The ban on smoking in public places, in force in Germany since 2008, has another interesting consequence. Smoking has become a rather socially disadvantaged phenomenon. Today’s intellectuals and intellectuals can do without a smoking cigarette, not seeing any useful image load in it.

Smoking bans and cancer statistics

Did the 2008 smoking ban affect cancer statistics? Smoking is the cause of lung cancer in 80 percent of cases, says Katrin Schaller, cancer prevention expert at the German Cancer Research Center in Heidelberg. Smoking also provokes the appearance of cancerous tumors in the throat, larynx and esophagus. Due to the long duration of the asymptomatic period of cancers, experts still cannot say whether a smoking ban is helping to fight cancer.

But the positive impact of the anti-tobacco law on the statistics of heart attacks is already visible today. In the body of a person who quits smoking, the cardiovascular system is regenerated first of all, explains Katrin Schaller. Not only among heavy smokers who have stopped smoking, but also among people who have inhaled tobacco smoke passively. One study published in Bremen shows that the number of hospital admissions diagnosed with myocardial infarction dropped markedly in the months following the smoking ban.

In Germany, only some owners of traditional pubs, where local patrons gather to drink a lot of alcohol and smoke a lot of cigarettes, have suffered from the introduction of a ban on smoking in public places. According to the owner of one such pub in the federal state of Thuringia, where smokers can still smoke in restaurants in isolated rooms, without a smoking room he would work at a loss. Even live music concerts and televisions during the football championship do not gather as many customers in the pub as tobacco smoke used to do.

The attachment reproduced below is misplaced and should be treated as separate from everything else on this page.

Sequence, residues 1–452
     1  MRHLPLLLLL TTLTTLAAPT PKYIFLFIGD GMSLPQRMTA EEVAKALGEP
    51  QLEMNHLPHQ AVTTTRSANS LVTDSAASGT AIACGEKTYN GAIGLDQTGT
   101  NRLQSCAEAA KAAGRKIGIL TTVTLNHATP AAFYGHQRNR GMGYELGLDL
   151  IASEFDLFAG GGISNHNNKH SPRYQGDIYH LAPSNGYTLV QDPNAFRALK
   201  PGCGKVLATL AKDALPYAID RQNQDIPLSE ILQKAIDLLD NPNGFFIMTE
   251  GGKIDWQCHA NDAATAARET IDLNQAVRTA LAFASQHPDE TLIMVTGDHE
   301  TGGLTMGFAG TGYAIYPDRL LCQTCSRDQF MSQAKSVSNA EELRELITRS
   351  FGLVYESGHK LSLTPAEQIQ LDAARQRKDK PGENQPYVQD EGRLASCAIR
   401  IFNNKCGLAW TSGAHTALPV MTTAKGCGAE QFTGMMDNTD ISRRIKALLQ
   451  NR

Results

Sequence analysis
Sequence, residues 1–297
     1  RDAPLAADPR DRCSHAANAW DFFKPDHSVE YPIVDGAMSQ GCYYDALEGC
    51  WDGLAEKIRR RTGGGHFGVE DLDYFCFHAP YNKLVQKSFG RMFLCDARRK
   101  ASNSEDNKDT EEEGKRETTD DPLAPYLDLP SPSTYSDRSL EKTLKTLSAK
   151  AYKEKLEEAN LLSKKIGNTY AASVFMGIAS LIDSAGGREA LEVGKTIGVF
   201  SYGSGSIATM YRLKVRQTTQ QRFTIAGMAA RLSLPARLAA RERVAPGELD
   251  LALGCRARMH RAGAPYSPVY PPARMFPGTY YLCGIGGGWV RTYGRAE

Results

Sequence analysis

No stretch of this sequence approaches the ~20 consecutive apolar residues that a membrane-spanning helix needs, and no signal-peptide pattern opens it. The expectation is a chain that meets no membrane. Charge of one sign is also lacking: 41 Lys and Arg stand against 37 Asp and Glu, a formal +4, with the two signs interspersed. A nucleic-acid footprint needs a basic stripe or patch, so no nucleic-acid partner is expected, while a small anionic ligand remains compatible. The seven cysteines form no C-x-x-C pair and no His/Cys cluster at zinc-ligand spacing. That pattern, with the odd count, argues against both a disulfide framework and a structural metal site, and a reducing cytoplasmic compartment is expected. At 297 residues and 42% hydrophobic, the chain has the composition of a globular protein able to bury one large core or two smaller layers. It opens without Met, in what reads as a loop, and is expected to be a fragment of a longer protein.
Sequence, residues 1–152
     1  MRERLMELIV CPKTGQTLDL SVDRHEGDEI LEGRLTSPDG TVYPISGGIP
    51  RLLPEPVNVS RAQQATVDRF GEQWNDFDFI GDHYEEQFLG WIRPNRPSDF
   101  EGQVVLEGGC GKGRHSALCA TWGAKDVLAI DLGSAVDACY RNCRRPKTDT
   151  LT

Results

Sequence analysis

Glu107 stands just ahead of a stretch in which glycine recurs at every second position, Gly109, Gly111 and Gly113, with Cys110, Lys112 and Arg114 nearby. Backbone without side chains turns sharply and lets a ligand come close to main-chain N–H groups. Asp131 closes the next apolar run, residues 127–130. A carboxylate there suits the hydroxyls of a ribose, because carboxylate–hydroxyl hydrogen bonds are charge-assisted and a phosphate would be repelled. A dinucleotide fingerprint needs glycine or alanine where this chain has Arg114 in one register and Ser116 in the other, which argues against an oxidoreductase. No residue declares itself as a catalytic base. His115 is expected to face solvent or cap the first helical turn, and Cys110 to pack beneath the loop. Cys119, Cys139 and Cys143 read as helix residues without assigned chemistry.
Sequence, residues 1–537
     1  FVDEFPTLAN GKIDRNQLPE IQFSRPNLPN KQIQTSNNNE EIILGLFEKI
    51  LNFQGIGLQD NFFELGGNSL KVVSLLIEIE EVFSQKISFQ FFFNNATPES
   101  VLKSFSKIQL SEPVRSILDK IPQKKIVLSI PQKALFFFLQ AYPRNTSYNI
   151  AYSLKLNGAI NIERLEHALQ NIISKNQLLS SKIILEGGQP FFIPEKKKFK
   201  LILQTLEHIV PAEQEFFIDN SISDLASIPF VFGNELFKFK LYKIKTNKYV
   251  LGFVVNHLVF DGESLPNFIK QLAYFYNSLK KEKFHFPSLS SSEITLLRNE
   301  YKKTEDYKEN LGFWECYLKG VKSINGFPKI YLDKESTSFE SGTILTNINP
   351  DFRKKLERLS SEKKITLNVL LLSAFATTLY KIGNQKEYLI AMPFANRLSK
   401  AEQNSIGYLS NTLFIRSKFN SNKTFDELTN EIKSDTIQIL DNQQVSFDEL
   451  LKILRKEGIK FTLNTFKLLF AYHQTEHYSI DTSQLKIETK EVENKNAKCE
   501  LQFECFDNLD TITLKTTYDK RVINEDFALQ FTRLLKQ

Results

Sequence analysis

Moreover, as it turned out, few people in the restaurant business generally “taste” the details of this law. Facebook feeds are filled with controversy about verandas, hookahs, electronic cigarettes – and, what is remarkable, one has to guess about the correct answers to all questions, since the new law does not provide clear information. So far, the following is more or less clear: it is no longer possible to smoke cigarettes, cigars and hookahs with tobacco in the restaurant, and to arrange special smoking rooms too. Places of public catering must hang signs “smoking is prohibited”, and for violation of the law, fines are high.

The use of tobacco-free hookahs can save hookahs from collapse. It is more difficult with verandas: much depends on the degree of the terrace’s enclosure, which the law calls the presence of “building structures” (and the degree of this enclosure is not regulated in any way), as well as the proximity of playgrounds and sports grounds. Restaurants come out of this situation in different ways: someone decides to play it safe just in case, and someone takes risks. There are many such “white spots” in the law, and they will be filled only after a certain period of law enforcement practice (or may not be filled at all).

Photo by Md Mahdi on Unsplash

Sascha Barby

Sascha Barby

Sascha's passion for food and the foodservice industry has driven him since he first worked in the kitchen. Projects abroad and the diversity of the industry have only increased his enthusiasm. Started as a Chef in various restaurants in Germany and Canada, completing his skills with an MBA, he now works at Rational AG in marketing.  Sascha lives with his wife and children in Bavaria near Munich.